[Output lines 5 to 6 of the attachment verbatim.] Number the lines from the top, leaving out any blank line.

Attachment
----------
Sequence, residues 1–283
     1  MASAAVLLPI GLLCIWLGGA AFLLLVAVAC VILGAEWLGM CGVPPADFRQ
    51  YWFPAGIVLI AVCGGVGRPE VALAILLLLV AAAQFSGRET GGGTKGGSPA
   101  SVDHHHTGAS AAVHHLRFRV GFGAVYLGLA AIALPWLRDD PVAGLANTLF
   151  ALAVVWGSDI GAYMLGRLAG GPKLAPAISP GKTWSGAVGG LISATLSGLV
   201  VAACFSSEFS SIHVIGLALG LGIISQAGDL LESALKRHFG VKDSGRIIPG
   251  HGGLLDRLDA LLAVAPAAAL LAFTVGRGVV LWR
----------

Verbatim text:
   151  ALAVVWGSDI GAYMLGRLAG GPKLAPAISP GKTWSGAVGG LISATLSGLV
   201  VAACFSSEFS SIHVIGLALG LGIISQAGDL LESALKRHFG VKDSGRIIPG